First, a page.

Source: Inga E. Næss / Rita Johansen:The Vega archipelago, a world heritage site.
A cultural history and travel guide, p.74-77
“Kjellerhaugvatnet Nature Reserve lies in an open landscape between Nes and Svea (see map) and was established in 1997. The reserve covers an area of 1 995 decares, of which 1 610 decares are land. The region includes a number of lakes and tarns surrounded by swamp and bog, between low inclines and heather moors. The aim of the protection is to preserve an important wetland area with its naturally occurring vegetation and animal life.
It is especially important to protect the migratory and breeding region for the wetland birds and the botanically rich bog areas there.
A wealth of mountain vegetation
In the north is a secluded area of tidal pools and shallows with a number of small islands and islets. Particularly in the western part, the notable presence of chalk has given rise to a very lush growth of rock plants and the occurrence of bogs with rich vegetation. The lakes are shallow and fertile, especially Kjellerhaugvatnet and Sveavatnet.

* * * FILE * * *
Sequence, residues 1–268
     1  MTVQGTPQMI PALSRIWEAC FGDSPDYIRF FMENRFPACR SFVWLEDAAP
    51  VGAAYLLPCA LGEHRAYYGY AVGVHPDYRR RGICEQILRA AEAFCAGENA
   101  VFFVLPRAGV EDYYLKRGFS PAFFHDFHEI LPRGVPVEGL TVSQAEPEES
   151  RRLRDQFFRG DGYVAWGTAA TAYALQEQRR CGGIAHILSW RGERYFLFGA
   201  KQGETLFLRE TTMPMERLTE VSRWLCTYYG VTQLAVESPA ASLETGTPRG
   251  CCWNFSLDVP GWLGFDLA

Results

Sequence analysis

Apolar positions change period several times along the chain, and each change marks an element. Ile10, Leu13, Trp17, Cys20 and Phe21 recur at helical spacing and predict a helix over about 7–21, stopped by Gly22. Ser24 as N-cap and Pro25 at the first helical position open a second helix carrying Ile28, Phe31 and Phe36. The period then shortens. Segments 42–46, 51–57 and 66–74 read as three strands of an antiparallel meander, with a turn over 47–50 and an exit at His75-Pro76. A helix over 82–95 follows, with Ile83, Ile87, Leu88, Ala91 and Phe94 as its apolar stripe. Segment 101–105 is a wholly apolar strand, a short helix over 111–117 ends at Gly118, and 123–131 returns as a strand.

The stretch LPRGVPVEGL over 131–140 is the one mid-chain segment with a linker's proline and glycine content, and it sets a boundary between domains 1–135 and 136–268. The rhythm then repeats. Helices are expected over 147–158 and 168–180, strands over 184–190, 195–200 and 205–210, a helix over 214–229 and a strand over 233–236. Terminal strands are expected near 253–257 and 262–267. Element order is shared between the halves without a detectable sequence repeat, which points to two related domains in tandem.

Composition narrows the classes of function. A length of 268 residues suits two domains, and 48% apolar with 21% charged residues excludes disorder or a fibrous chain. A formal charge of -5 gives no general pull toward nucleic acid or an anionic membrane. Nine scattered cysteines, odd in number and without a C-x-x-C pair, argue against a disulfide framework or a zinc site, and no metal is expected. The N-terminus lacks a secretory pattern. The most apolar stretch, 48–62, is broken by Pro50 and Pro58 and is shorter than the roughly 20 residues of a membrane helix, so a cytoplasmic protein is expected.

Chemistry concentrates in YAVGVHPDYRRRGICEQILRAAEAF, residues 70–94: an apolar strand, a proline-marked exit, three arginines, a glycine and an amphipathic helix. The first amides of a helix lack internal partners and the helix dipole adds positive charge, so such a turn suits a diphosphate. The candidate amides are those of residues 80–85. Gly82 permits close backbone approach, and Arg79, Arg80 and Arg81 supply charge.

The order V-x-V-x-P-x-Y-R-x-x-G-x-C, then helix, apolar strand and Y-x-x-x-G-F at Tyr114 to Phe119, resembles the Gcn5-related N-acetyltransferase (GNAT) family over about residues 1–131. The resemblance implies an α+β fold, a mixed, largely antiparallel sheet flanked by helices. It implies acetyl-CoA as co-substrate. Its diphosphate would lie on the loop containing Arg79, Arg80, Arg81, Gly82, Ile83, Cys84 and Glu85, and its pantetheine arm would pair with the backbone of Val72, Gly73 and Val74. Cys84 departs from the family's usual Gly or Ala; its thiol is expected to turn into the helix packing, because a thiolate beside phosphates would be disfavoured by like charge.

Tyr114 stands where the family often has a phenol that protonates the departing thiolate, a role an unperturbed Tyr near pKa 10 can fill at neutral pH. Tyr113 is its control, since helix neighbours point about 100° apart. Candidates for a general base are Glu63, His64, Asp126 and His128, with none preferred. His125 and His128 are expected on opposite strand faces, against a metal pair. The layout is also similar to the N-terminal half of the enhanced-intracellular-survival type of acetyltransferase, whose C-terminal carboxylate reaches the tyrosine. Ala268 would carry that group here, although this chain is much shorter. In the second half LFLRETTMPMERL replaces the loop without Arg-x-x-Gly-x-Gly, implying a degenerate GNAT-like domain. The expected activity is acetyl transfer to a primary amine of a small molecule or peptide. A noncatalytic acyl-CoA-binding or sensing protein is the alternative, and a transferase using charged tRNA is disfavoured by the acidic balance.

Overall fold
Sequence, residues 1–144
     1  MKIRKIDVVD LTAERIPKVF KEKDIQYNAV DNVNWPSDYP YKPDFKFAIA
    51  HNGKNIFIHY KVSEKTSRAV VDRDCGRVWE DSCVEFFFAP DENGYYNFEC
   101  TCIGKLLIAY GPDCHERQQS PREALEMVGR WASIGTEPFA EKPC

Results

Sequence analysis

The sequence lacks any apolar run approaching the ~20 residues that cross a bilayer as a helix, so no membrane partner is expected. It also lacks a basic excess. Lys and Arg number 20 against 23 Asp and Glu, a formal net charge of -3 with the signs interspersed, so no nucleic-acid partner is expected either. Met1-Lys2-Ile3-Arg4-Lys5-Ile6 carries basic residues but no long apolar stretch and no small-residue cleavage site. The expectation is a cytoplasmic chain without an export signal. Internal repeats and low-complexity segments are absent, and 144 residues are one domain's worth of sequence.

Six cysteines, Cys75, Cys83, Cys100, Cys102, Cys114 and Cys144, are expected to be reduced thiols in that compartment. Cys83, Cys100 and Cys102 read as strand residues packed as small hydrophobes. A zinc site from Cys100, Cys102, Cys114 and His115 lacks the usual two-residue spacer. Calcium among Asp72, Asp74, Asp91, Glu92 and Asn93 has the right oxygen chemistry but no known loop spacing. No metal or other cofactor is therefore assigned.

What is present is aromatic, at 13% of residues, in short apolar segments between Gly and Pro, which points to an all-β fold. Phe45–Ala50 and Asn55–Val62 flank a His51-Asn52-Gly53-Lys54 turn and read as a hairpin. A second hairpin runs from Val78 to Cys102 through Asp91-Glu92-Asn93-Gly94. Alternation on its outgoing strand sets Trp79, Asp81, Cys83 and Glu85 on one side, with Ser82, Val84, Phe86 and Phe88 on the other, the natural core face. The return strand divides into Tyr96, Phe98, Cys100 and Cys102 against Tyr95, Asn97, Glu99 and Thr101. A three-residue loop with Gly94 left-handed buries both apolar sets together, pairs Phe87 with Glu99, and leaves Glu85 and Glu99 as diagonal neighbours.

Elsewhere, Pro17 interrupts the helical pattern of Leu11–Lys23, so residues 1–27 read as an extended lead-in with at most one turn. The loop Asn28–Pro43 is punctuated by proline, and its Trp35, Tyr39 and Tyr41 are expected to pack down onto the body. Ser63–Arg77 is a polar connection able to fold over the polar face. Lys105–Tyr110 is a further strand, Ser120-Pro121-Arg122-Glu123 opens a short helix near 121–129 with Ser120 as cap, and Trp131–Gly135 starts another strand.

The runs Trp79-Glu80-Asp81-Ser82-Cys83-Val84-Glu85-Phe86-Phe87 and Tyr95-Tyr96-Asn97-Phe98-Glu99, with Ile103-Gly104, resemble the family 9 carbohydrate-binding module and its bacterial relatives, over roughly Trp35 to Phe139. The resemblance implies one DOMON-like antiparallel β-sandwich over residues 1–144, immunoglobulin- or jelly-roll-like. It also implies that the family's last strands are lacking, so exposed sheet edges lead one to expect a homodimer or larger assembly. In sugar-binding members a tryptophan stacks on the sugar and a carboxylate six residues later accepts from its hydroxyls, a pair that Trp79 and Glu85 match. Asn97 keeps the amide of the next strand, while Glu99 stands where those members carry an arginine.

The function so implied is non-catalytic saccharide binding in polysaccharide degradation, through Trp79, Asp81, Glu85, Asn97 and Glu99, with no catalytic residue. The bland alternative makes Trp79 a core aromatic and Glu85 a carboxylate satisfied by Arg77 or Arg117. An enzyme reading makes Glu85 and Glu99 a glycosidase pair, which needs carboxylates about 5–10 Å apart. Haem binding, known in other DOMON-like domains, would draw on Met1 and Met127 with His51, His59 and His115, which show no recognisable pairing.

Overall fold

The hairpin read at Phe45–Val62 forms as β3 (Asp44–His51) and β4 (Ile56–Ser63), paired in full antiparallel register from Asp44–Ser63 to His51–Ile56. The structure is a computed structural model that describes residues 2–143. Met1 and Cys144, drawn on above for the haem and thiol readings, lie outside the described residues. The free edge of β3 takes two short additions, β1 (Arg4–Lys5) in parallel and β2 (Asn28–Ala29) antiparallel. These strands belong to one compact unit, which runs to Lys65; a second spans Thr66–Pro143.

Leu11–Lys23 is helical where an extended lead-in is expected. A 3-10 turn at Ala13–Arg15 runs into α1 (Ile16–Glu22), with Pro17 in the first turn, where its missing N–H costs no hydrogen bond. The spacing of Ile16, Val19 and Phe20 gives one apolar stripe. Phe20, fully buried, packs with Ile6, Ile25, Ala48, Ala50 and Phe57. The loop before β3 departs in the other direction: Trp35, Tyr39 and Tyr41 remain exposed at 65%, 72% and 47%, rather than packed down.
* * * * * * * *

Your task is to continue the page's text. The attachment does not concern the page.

In the middle of the reserve is the small abandoned farm called Gråven. An unmarked path between Nes and Svea goes directly past the remains of the farm which was inhabited by a family between 1906 and 1921.
Important nesting sites
The area is particularly valuable as a breeding ground for a large number of wetland birds. Many rare species of birds nest in the reserve. This and the Holandsosen Nature Reserve complement each other in providing for the needs of the migratory and wintering birds such as the Whooper swan, the grey goose, ducks and wading birds.
Several rare or less common species of birds may be observed in the migrating seasons, such as great egret, mute swan, snow goose, gadwall, little grebe, hen harrier, common moorhen, common waterhen, common crane, pomarine skua and snowy owl”.